Sustainable Dyestuffs
Huntsman Textile Effects, Singapore, mentions that the textile industry is notorious for consuming vast amounts of water, especially during dyeing and finishing. Up to 100 liters of water are used to dye 1 kg of cotton fabric. The company has been able to improve dyeing technology considerably with the development of a new chemistry for dyeing of cellulosic fibers. AVITERA™ SE is a new tri-reactive dye range for exhaust application on cellulosic fibers.

Only 15 to 20 liters of water are required to dye 1 kg of material. Avitera SE dyes and ERIOPON® LT clearing additive comply with new environmental sustainability standards and give top-quality results, achieved in time, Huntsman reports, adding that the process also saves time and energy and reduces carbon dioxide (CO2) emissions; and that with the new dyeing technology, 1.3 liters of fresh water per person per day potentially could be saved in textile-processing countries such as China, India or Bangladesh.

Most reactive dye molecules have one or two reactive groups that bond with the fiber and remain permanently fixed. Dye that fails to bond is hydrolyzed and cannot be fixed on the fiber. In conventional dyeing, 20 to 40 percent of the dye molecules typically are hydrolyzed. To achieve highly colorfast fabrics, unfixed dye needs to be fully removed — a long, hot, expensive, water- and energy-intensive process.


Best Available Technology (BAT) improves conventional warm dyeing systems, and already consumes less water during the washing-off process. When using Avitera SE and Eriopon LT, the dyeing and washing-off processes require temperatures no higher than 60°C, and the number of rinsing baths needed to obtain the required colorfastness is greatly reduced, Huntsman reports.

Tentering is virtually the most important process after dyeing to give a fabric the required properties. A. Monforts Textilmaschinen GmbH & Co. KG, Germany, a leader in the global tenter market, says that rising cost pressure remains a major issue in the textile industry, especially for textile finishing. Reasons include steadily rising energy, water and effluent treatment costs; consumer demand for green and responsibly made garments; and the need for textile finishing to be very innovative. Therefore, modern textile finishing equipment must fulfill requirements such as responsible use of natural resources, cost-effectiveness and high flexibility.

Monfort's Montex 6500 tenters feature heat recovery systems, which are available for all Montex tenters. The systems can reduce energy usage by up to 30 percent, saving both natural resources and production costs. Even on existing machines, heat recovery systems can be added. The Energy Tower 7000 is a universal stand-alone system providing the same performance as a built-in system. Depending on the exhaust airflow and temperature, up to 30 percent of the heat generated can be recovered. According to Monforts, very good access to the heat exchange modules and a large condensed water tank make the Energy Tower very maintenance-friendly, with consistent performance between maintenance cycles.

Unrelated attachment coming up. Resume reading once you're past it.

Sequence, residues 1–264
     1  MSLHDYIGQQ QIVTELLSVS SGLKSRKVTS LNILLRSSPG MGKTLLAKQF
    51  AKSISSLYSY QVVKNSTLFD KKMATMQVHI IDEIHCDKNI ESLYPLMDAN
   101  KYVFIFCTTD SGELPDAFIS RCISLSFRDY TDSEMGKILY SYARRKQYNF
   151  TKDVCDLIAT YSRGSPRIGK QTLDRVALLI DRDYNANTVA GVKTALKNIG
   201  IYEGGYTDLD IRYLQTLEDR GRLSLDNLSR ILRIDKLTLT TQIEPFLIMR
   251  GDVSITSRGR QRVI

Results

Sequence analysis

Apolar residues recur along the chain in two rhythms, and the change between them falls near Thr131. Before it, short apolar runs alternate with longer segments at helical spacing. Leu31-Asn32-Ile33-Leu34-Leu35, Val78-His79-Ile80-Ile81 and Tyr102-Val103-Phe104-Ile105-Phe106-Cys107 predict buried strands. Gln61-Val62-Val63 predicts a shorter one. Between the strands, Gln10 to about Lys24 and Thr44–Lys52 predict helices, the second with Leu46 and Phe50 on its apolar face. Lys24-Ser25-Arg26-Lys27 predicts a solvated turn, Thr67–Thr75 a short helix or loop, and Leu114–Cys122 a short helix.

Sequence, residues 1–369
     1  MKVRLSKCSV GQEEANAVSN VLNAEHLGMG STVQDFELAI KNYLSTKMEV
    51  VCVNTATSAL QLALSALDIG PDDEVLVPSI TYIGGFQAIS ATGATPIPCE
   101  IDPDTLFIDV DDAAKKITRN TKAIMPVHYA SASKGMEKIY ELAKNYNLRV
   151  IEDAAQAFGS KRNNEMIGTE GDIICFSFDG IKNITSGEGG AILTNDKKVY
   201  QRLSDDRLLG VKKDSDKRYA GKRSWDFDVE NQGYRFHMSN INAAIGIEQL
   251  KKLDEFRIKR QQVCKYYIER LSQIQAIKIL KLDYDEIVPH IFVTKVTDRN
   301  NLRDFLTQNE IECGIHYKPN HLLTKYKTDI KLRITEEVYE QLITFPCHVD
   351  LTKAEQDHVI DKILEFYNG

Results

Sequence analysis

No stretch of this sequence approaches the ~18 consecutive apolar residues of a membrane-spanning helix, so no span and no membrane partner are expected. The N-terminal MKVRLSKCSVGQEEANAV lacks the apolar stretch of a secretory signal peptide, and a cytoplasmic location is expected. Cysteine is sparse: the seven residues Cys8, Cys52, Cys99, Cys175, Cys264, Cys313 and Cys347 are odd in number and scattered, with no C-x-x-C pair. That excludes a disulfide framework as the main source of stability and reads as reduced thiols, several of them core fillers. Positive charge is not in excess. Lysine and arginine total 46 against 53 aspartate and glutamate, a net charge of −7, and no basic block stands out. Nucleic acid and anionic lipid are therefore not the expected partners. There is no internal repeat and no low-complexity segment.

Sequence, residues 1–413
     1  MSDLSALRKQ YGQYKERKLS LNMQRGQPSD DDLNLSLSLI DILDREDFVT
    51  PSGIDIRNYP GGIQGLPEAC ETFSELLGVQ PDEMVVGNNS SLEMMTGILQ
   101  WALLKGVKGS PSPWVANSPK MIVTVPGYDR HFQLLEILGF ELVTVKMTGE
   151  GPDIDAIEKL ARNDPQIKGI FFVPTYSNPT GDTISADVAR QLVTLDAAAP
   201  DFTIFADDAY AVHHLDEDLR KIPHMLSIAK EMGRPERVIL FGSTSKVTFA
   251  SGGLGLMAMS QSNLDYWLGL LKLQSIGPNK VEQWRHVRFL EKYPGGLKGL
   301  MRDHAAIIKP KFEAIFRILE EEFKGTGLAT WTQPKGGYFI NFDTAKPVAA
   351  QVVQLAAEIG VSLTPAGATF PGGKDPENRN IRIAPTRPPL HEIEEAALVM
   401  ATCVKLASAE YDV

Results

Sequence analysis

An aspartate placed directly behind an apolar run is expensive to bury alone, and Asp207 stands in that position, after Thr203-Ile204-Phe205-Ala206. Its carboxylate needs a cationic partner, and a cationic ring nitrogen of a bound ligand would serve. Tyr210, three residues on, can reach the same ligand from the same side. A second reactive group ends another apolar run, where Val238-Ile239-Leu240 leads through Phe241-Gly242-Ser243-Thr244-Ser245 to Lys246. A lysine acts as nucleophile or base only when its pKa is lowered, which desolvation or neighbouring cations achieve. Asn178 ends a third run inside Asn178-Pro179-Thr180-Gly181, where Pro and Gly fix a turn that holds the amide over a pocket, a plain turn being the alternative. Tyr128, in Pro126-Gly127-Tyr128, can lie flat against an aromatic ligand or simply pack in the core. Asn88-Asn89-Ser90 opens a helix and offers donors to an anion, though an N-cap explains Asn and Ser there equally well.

In the area of continuous dyeing processes on cotton, Monforts offers the Econtrol® process. In contrast with pad-dry-thermofix or pad-dry-pad-steam processes, Econtrol dyeing using a Thermex 6500 Hotflue does not need a separate fixing process. According to Monforts, the Econtrol climate inside the Thermex chamber ensures a perfect dyeing result during the drying process.

For dyeing of polyester/cotton blends, Monforts has now developed a single-bath process that uses the Econtrol technique without intermediate reduction clearing. The process does not use separate baths, and reduction clearing is not necessary, saving significant amounts of chemicals, water and energy, as well as production costs.

Positive Future
For the near future, Fong's Europe mentions more easy-to-handle machines that have the lowest water and energy consumption, give best-quality results, and are reasonably priced. Thies foresees a similar direction: Future developments will be directed by economics, but the environment also will be taken into account. Suitable aftertreatments will be developed with the target of recycling dyeworks effluent, and other developments will be aimed at emissions reductions. There will be much movement in this area in the future.

March/April 2011

Related Files:
Click here to view Table 1: Dyeing Technology Developments